It was a sweltering July day in Columbia,
South Carolina in 1993. Punks walked around in their own thick auras
of humidity. Tsunami were weary and wary. They loaded the equipment
on to the floor of the restaurant (no stage) where they would play
that night and hoped the pinball would get them through the next
3 hours. Little did they know that their lives were soon to be changed
forever, for that fated day they would be lucky enough to see the
brilliant Danielle Howle perform.
Sounds a bit like a bad novel, doesn't it, but isn't it wonderful
that life is sometimes that way?
Danielle Howle is the most original and compelling performer we
have ever seen "by accident". She commands equally undivided attention
whether she is knocking you down with the sheer force of her voice,
twisting you into knots with the subtle complexity of the inner
logic of her vocal decisions, or charming you with her effortless
wit and between-song chatter. When Danielle is in the room you can't
help but hang on her every word, and once you've seen her perform
on the floor of some restaurant, with her acoustic guitar and her
notebook, her glass of water and her guitar case propping up her
feet, you can't help but think there might truly just be such a
thing as "star quality" that doesn't have a thing to do with ad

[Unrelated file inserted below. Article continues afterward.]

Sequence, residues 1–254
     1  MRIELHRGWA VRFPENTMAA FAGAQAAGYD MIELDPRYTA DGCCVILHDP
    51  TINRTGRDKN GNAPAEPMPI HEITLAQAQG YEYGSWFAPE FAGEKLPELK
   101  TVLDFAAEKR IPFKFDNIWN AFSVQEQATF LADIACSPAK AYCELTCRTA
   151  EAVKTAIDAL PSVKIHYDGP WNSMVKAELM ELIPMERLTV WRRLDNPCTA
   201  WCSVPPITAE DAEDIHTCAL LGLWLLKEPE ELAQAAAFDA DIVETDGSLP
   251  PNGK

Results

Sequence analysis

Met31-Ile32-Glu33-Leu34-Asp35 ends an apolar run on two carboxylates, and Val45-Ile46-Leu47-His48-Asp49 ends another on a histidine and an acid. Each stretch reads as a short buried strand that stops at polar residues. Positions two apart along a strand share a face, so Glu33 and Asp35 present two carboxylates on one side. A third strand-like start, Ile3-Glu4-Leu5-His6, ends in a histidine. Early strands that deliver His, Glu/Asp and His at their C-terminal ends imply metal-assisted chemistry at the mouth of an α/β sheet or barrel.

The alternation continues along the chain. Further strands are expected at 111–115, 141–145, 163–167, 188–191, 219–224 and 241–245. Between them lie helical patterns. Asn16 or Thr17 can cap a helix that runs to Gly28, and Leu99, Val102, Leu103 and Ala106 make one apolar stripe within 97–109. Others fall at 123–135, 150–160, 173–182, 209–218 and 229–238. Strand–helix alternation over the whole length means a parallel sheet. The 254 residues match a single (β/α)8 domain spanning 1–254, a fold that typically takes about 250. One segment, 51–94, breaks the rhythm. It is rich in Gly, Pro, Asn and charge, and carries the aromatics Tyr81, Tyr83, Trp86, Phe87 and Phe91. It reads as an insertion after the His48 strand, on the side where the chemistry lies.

budgets, makeup stylists or major label deals.
It's very difficult to describe her music as she doesn't fall easily
into one style. Some of the lazier journalists will say folk or
country. If that piques your interest - fine - there are definite
influences there, but don't assume that's everything. Self-taught,
her songs follow an internal logic that defies the traditional pop
structures and vogue songwriting styles. Given her chance, Danielle
will belong in the canon of intuitive musicians, like a Joni Mitchell
or a Liz Phair.
When asked directly, Danielle is uncomfortable with being labeled
an acoustic artist or "songwriter" but rather likes to think of
herself as someone who captures little bits of time. "I'm not trying
to shock people with bad language and weirdness," she says, "I'm
trying to tell whatever truth is there. I don't need electricity
to make a big noise." Nor does she need it to attract attention.
She so enraptured a packed, attentive throng of fans at the Milestone
(NC) when opening for loud grunge wunderkind headliners The Melvins
that you could hear a pin drop. Now that's power.
Since her debut Frog Song 7" on Simple
Machines, Danielle has covered a lot of ground. She's toured the
US with Tsunami, Ida, Retsin, Those Bastard Souls, Vic Chestnutt,
The Grifters and the Indigo Girls. She's jumped on stage and duetted
with Steve Earle. We've seen her turn honky-tonk heads in Nashville
when she skittered up to do a couple of songs at some open mic night.
She's kicked our asses at Quarters. Best of all, she's followed
up on her stellar debut with full-lengths for Simple Machines, Daemon
and now Kill Rock Stars. Expect more touring and more amazing songs
in the future.